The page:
PROPERTIES OF POWDERS OF FUSED SPINELS AND PERICLASE
PULVERIZED BY DIFFERENT TECHNIQUES
I. D. Kashcheev
and K. G. Zemlyanoi
Translated from Novye Ogneupory, No. 12, pp. 36 – 42, December, 2004.
Original article submitted February 24, 2004.
The properties of electrofused spinel and periclase powders prepared by different milling techniques are re
ported. Vibratory milled specimens display a higher structure imperfection of the surface, and the amorphous
surface layer differs compositionally from the percursor material. In the pulverized products, contaminating
elements (Na, Si, and, to a lesser extent, Fe) tend to migrate towards the surface of particles. Vibro-milled
powders show a better sinterability in comparison to jet-milled powders. Pulverization produces little effect
on the properties of precursor fused periclase.
Finely dispersed powders are the starting raw materials
in many technologies. The increase in dispersity of a material
causes an increase in the interphase surface and, conse-
quently, a change in its microstructural features [1, 2]. Dur-
ing pulverization, changes are imparted to the crystal struc-
ture and the energy state of particles in the surface layer
which, in turn, produces an effect on the interaction of parti-
cles with the surrounding medium, on the chemical interac-
tion between particles , phase transformations in ZrO
and other processes.
Fine pulverization has gained importance in the techno
logy of thixotropic unshaped materials and ceramic castables
; it should be recalled that at present, unshaped compo
nents in quality are frequently superior to shaped compo
nents, and demand for unshaped refractories is increasingly
on the rise, whereas for shaped components, it is clearly in
Buildup and development of an amorphous surface layer
on grains are controlled by the physicochemical pulveriza
tion conditions. The larger the surface and the higher the brit
tleness of a material (corundum, quartz, etc.), the higher the
amorphization of the surface. In such materials, the energy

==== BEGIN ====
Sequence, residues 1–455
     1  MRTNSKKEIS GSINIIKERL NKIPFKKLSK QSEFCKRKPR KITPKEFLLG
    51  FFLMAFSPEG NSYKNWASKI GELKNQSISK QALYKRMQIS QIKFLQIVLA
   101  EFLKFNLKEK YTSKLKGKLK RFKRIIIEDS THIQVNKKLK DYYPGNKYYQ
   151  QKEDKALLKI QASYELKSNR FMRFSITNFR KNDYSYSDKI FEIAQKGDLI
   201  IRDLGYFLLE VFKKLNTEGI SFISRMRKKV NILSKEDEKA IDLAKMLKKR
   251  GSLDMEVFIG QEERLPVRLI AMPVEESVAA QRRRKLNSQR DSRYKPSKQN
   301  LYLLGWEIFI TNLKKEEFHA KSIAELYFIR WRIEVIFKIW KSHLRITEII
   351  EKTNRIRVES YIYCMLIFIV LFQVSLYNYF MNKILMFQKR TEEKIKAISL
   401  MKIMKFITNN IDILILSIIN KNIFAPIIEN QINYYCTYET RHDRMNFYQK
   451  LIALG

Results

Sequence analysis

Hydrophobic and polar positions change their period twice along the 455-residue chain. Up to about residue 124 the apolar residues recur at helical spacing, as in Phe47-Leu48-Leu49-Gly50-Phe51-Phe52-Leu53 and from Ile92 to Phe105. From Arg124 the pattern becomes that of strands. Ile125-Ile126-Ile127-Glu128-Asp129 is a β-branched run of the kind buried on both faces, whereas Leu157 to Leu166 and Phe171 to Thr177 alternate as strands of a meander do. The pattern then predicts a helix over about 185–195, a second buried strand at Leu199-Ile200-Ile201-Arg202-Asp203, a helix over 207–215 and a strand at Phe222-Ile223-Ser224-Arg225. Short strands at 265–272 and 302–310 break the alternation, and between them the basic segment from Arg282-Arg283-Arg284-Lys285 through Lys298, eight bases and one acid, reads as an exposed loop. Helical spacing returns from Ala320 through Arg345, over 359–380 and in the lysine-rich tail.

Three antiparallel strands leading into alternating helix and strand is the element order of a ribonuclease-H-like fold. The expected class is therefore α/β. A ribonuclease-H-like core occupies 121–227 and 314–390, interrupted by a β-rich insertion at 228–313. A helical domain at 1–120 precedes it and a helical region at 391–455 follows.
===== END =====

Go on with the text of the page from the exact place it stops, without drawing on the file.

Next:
conveyed has no time to dissipate, and the disintegrated par
ticles accumulate a major part of the energy, which is spent
for the creation of intrinsic defects .
In industrial practice, mechanical milling is the most
used and the least expensive method for the large-scale pro
duction of finely dispersed powders. This technique makes it
possible to prepare powders of particle size 0.1 – 0.5 mm,
which is quite sufficient for use in the production of refrac-
tory materials. For fine and ultrafine grinding in the refrac-
tory industry, vibratory milling (the most sophisticated ver-
sion of ball milling) and jet milling have gained wide accep-
tance; these techniques are commonly used to treat sintered
and fused materials (corundum, spinel, mullite, etc.).
In our studies, we have focused on pure materials that are
traditionally used in the refractory industry: ShD-type fused
alumomagnesian spinel of different chemical compositions
(available from Dinur Joint-Stock Co., Pervouralsk), SpB-type
spinel, and PP-type fused periclase (available from Ogne
upory JSC, Bogdanovich). The precursor materials were
ground using vibratory and jet milling techniques. The spi
nels were prepared using different technologies. By Dinur
JSC technology, Al
was added to molten magnesium ox
ide, and the molten mixture was cast into molds. By
Ogneupory JSC technology, a mixture of magnesia and alu
mina powders was melted in an electric arc furnace (using
the so-called “block fusion” technique).
The chemical composition of precursor materials and
end products are given in Table 1.They differ in concentra
tion of alkaline oxides (MgO and Al
) and minor compo
nents, and, as will be shown later, in phase concentration and
distribution (periclase, spinel, and glassy phase).
Fused periclase (available from Ogneupory JSC) was
prepared by electric melting of brucite. The vibratory milling
of materials was effected using an M10 vibratory mill with a
1 : 3 material-to-grinding body (steel balls) ratio; the vibra
Refractories and Industrial Ceramics Vol. 46, No. 1, 2005
1083-4877/05/4601-0042 © 2005 Springer Science+Business Media, Inc.
Urals State Technical University, Ekaterinburg, Russia.